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Old 09-30-2008, 03:53 PM   #1
Nostrildamus
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Default High first runnings gravity, low overall efficiency?

Is a high first runnings gravity but a low overall efficiency the sign of a poor crush?

I have failed to achieve anything over 65% with my false bottomed keg MLT. I do conversion checks with Iodine, hit and hold my mash temps, stir my mash on a regular basis, calibrate my thermometers and hydrometers on a regular basis, lauter extremely slow during my fly sparge, use hot sparge water and take regular gravity readings during my lautering, use a sparge arm, avoid channeling and maintain a nice level above my grain bed but I can't seem to break the 70% mark.

On my last brew I took three gravity readings before I boiled. The first runnings reading which was taken within the first gallon was 1.083. The second was at 7.5 gallons and was 1.050. The last was at 13 gallons and was 1.010. Using the beer recipator I rechecked after all was said and done and sure enough hit 65% just like I always do but one thing didn't add up to my brew buddy and I. It coughs out a figure stating that my estimated first run off should be 1.067 if my efficiency is as low as it is but my initial runoff was much higher (1.083). I bumped the efficiency field up until I met that figure and it indicated I would be running at 80% efficiency. Granted, these are only estimates and every system is different.

It did however suggest something to me. Is it possible that I have an inefficient crush which when mashed in an efficient tun at a proper temperature leads to a really decent conversion and concentration of sugars but which renders poor access to the entire volume of sugar held in the grain? It almost seems to me like my MLT and mash are chewing through the sugar and working really well but then as the sparge starts run out of available sugar too early.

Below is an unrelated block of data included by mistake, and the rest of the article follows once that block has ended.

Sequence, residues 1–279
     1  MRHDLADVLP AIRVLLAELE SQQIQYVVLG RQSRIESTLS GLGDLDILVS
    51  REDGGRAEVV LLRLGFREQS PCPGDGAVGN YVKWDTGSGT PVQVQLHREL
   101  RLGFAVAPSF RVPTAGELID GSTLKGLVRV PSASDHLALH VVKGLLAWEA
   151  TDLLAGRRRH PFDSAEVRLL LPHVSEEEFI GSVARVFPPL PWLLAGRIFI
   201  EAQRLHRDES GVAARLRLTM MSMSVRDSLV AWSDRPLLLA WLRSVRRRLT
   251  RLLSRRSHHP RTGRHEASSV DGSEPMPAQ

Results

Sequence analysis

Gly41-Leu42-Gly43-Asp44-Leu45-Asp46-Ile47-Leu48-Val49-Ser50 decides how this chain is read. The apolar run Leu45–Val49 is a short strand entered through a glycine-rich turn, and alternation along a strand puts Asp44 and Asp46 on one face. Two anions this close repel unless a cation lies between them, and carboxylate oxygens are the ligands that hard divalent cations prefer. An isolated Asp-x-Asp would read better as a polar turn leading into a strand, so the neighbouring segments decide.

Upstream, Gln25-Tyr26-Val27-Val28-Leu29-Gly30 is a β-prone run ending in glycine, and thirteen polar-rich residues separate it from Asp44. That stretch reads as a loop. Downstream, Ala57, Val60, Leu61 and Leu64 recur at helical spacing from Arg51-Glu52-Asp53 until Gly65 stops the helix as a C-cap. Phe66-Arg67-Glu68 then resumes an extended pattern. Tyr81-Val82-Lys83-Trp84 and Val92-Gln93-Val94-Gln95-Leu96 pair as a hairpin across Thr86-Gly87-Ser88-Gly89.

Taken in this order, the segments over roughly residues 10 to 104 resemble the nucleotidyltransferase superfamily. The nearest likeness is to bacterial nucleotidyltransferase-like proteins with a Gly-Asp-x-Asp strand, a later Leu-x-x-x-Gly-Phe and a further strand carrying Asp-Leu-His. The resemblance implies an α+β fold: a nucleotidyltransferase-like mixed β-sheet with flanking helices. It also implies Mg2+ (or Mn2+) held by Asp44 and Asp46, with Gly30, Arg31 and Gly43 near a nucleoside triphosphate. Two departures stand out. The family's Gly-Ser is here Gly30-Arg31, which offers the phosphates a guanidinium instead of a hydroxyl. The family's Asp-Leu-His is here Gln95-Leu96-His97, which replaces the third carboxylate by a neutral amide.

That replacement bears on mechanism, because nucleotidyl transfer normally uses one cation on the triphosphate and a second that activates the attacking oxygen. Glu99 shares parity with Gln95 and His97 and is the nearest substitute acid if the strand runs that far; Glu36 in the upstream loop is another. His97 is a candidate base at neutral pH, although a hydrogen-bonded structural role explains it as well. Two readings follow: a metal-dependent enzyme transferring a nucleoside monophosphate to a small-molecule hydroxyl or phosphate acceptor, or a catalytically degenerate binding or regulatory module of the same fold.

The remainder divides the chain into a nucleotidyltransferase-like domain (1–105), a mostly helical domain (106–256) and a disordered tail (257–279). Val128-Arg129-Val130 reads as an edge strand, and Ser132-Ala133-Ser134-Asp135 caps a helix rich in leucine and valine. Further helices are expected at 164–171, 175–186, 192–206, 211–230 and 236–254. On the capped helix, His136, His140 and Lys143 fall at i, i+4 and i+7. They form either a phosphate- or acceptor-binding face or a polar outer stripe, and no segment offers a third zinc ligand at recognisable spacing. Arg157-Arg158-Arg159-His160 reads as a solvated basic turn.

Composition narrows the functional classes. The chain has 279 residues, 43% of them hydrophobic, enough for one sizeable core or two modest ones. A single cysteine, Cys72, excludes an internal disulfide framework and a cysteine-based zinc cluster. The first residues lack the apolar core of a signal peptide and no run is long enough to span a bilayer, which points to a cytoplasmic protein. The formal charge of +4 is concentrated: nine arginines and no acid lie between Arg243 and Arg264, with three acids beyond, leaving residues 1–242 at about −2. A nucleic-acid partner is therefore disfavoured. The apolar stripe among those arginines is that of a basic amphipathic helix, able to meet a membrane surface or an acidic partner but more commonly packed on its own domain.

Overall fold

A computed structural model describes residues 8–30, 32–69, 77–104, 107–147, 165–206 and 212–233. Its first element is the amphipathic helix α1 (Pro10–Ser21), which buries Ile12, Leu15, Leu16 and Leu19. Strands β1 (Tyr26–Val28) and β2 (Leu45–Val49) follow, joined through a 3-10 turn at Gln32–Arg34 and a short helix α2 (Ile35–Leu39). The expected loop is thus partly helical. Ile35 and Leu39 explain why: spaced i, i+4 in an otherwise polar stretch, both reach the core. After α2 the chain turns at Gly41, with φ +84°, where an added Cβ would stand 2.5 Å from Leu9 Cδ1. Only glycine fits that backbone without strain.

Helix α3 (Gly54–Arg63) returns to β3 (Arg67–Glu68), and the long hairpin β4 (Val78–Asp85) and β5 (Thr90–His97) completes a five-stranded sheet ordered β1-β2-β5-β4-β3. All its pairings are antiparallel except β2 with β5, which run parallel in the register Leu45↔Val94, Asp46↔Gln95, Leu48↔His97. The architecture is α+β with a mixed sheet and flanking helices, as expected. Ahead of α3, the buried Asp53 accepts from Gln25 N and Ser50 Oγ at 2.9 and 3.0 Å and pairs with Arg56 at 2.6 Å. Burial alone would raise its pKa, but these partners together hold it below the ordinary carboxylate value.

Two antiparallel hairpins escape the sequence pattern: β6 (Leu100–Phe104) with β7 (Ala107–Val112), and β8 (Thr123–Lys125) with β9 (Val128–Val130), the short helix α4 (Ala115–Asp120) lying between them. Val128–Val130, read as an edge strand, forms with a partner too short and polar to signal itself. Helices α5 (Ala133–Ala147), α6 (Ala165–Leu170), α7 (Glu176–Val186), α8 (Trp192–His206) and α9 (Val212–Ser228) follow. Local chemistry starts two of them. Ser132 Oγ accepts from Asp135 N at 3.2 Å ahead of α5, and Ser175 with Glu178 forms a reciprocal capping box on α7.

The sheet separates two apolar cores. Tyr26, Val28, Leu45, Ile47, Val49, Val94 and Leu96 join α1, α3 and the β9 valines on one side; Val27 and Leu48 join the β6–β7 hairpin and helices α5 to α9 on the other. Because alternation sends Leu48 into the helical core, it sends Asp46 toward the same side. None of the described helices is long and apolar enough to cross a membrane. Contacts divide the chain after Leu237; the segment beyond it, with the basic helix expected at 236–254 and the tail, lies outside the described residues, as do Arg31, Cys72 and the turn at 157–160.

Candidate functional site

Next batch I will probably grind myself with a friend's mill and hopefully I'll get better results.

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Old 09-30-2008, 04:45 PM   #2
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I think you're right. If your iodine is telling you you're at full conversion and you're still having efficiency issues, it sounds like you're crush isn't getting enought starch into the mix. Grind until you're scared and see if you get a bump up.

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Old 09-30-2008, 06:10 PM   #3
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A poor crush is one possibility, but you can make up for that to a certain extent by mashing thicker or mashing longer. Both of these will change the flavor profile of the beer. Mashing thicker should produce a more dextrinous wort, and mashing longer will produce fewer dextrines.
If you can borrow a mill that is known to give good results, I think that would be a much better place to start rather than messing with the mash.